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The Longitudinal Effects of Non-injection Substance Use on Sustained HIV Viral Load Undetectability Among MSM and Heterosexual Men in Brazil and Thailand: The Role of ART Adherence and Depressive Symptoms (HPTN 063)

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  • Yale School of Public Health
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Abstract and Figures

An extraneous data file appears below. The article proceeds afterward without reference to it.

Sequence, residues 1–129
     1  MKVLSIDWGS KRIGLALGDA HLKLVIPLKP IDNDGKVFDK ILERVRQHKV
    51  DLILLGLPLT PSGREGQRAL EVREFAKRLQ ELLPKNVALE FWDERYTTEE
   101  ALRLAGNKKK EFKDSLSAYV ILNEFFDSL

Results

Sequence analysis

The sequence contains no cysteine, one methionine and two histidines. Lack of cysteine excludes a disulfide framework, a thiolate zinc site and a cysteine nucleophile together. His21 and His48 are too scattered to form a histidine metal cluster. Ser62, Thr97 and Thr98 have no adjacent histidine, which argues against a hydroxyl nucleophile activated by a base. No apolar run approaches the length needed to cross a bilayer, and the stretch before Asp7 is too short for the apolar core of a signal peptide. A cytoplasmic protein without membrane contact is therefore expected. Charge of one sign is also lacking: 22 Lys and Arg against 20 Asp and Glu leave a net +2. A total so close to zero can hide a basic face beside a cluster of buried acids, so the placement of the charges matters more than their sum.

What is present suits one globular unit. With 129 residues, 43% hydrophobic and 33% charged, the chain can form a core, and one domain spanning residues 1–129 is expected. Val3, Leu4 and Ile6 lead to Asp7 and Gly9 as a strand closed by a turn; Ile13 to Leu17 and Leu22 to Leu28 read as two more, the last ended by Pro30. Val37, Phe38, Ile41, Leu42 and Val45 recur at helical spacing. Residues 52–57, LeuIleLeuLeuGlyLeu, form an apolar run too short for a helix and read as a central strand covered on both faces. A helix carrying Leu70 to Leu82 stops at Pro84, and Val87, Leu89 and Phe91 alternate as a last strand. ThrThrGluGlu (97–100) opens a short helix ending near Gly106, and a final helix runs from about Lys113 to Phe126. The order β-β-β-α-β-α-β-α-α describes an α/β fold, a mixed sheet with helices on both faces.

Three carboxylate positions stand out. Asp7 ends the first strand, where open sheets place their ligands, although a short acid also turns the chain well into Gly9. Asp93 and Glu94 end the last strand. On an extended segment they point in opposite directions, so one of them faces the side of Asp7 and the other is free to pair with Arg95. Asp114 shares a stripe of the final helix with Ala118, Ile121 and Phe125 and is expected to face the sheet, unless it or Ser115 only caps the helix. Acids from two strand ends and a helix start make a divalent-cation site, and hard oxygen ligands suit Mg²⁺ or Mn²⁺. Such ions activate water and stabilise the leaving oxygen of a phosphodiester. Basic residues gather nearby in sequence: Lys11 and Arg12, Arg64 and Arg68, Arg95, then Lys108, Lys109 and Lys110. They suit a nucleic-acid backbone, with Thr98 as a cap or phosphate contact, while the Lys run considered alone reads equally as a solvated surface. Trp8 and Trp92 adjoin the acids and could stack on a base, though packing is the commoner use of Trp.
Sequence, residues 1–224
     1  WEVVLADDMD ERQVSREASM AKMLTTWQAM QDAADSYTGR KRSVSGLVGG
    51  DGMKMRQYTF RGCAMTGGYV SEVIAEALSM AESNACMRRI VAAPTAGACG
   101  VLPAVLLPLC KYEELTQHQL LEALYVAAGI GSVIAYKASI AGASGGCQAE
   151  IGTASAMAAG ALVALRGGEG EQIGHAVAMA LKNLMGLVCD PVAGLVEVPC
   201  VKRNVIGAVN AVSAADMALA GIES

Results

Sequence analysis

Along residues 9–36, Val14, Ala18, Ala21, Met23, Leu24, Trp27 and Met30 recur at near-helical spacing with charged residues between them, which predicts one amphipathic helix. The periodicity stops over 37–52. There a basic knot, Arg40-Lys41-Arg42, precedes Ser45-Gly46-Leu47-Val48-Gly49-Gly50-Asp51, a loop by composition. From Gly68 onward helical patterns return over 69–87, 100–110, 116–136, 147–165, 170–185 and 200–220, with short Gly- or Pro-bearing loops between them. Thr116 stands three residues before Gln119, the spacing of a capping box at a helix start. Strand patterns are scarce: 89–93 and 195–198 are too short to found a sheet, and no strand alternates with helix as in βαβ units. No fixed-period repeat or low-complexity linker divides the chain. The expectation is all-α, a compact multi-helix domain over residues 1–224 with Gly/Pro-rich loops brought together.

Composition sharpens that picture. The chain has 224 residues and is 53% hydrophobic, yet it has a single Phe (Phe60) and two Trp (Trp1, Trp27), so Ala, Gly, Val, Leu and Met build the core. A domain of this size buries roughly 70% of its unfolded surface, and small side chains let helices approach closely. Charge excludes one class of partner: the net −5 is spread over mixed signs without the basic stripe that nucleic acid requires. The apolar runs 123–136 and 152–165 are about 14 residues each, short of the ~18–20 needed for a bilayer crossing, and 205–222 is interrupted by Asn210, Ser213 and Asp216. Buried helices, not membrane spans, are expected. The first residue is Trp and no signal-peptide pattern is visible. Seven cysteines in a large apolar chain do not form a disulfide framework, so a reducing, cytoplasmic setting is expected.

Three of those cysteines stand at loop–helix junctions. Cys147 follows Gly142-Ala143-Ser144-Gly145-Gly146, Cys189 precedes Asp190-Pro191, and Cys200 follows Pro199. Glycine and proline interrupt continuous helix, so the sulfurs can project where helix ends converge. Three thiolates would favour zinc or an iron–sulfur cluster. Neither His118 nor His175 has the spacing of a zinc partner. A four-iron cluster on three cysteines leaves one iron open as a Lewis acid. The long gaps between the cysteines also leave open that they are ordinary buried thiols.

The effect of non-injection substance use on HIV viral load (VL) is understudied in international settings. Data are from HPTN063, a longitudinal observational study of HIV-infected individuals in Brazil, Thailand, and Zambia, with focus on men with VL data (Brazil = 146; Thailand = 159). Generalized linear mixed models (GLMM) assessed whether non-injection substance use (stimulants, cannabis, alcohol, polysubstance) was associated with VL undetectability. ART adherence and depressive symptoms were examined as mediators of the association. In Thailand, substance use was not significantly associated with VL undetectability or ART adherence, but alcohol misuse among MSM was associated with increased odds of depression (AOR = 2.75; 95% CI 1.20, 6.32, p = 0.02). In Brazil, alcohol misuse by MSM was associated with decreased odds of undetectable VL (AOR = 0.34; 95% CI 0.13, 0.92, p = 0.03). Polysubstance use by heterosexual men in Brazil was associated with decreased odds of ART adherence (AOR = 0.25; 95% CI 0.08, 0.78, p = 0.02). VL suppression appears attainable among non-injection substance users. Substance use interventions among HIV-positive men should address depression, adherence, and VL undetectability.